Kunal Vijayakar gives a fish eater’s guide to Mumbai
Love fish? Kunal Vijayakar gives you the no-nonsense culinary guide to the cityart and culture Updated: Jan 12, 2017 15:18 IST
Love fish? Kunal Vijayakar gives you the no-nonsense culinary guide to the city
I’m about to reveal a secret. A heretofore classified piece of information that might undermine, nay, corrode my credibility as a food expert: I don’t like eating fish. There. I said it.
I grew up in a predominantly fish-eating family. After all, I come from a community of bona fide Mumbaikars, the Pathare Prabhus, the earliest inhabitants of this city. We settled on the coastal land in the 1300s, and the fresh catch of the Koli community has always been our sustenance.
Quality fish, and the acquisition of fresh catch daily, was so important, that though my quasi-aristocratic and hedonistic family had scores of staff members to run the household, male members would go to the fish market themselves, albeit with an entourage.
To ensure that he got the best size, desired cut, and the freshest produce, my great-uncle would argue, coax, even flirt with the fisherwoman. Some say he had a regular female vendor who he not only courted, but may even have seduced. All for a piece of fish.
The haul would come home in huge cylindrical aluminium tubs, before being sorted and cooked into Pathare Prabhu delicacies like kolambiche khadkahdle (prawns cooked with shells, with garlic and masala), metkutache bhujane (fish cooked with pickle masala, onions and garlic), katyache bhujane (ghol cooked with garlic onions and masalas) or kolambicha athale (prawns with garlic, onion, jaggery and tamarind).
I still don’t like fish. But I cannot resist crustaceans, like crabs, lobsters, mussels, oysters and shrimp. And Mumbai is a heaven for both fish and shellfish alike, thanks to the Mangaloreans, Keralites and Saraswats, who run some formidable, time-honoured fish joints in the city.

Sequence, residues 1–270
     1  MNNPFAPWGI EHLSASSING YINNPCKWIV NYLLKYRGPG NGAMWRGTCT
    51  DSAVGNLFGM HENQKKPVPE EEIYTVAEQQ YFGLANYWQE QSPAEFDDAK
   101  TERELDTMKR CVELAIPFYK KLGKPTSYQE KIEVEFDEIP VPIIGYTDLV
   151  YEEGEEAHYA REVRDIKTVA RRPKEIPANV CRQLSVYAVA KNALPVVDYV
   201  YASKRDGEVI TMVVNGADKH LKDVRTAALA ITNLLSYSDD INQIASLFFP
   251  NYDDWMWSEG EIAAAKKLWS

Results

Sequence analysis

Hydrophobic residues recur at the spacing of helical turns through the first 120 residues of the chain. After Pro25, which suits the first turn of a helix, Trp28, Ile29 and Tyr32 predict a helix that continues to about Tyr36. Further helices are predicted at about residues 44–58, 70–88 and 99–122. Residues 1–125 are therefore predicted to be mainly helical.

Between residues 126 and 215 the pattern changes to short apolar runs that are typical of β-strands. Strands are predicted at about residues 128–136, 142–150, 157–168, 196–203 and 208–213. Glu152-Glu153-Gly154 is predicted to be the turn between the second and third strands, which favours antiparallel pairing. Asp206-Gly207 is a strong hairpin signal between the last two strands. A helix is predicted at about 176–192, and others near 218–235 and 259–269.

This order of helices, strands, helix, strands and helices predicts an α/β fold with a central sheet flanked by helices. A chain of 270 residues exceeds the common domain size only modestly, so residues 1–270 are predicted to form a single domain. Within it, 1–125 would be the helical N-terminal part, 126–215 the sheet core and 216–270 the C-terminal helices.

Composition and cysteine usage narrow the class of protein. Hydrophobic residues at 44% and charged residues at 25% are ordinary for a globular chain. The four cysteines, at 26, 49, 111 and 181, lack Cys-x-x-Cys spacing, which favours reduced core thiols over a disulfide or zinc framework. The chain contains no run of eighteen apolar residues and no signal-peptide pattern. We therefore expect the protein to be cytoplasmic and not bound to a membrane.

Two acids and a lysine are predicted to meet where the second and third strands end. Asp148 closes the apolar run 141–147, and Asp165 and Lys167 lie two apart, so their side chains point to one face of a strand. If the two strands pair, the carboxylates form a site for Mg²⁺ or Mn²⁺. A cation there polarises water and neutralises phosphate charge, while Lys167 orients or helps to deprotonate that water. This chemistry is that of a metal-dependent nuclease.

Starting with my favourite, Harish Lunch Home, at Irla. Two Mangalorean brothers run this place with great pride. It’s their prawn gassi (prawns in thick coconut curry), meen pullimunchi (spicy, tangy Mangalorean fish curry with coconut and tamarind) and gabholi (fish eggs) tava fry, that makes this joint stand apart. Mop all this up with rice or appams.
For Gomantak or Saraswat Hindu seafood, three places hit the spot. Highway Gomantak and Sadiccha (both in Bandra East), and Chaitanya behind Siddhivinayak temple in Prabhadevi. The Potnis family that runs Highway Gomantak, for years, cooked out of their home kitchen. The surmai or paplet curry thali and the fried bombil served with sol kadhi draws in the crowds.
Sadiccha, right around the corner from Gomantak, serves an array of Malvani fish, but their jhawala koshimbir (spicy mixture of tiny shrimp) and tisrya biryani hit the spot. Sadiccha also makes whole pomfret stuffed with prawns. A gimmick, but it works.
“Chaitanya Assal Malvani Bhojan Graha, as it is lovingly called, is run by the ever-exuberant Surekha Walkhe. Her masalas, coconut, even her tamarind comes straight from her village in Malwan. I find her food more home-style than both Sadiccha and Highway Gomantak. Fish pros insist that Chaitanya’s mandeli fish curry, bangda tikhale, and surmai fry, accompanied by Amboli or a Ghavane, are unbeatable.
If you are on your way to Marve, try Cherry’s Kitchen, near Orlem Church at Malad. The Kerala meen curry is full of spice, tamarind and curry leaves. On a good day, they serve it with soft tapioca.
The legendary Kerala restaurants will always be Sneha and Medina at Mahim. It’s their fish biryani and fish fry that’s popular, but do order a fish thali. Prawns fry masala at Taste of Kerala and fried squid at Hotel Deluxe, both at Fort, complete your experience.
I want to end with Grant House at Crawford Market. The food is an amalgamation of Malwani, Mangalorean and Keralite cuisine. I grew up eating kheema pav there, but give their fish a chance.
Author and TV show host Vijayakar is “always hungry”. He tweets as @kunalvijayakar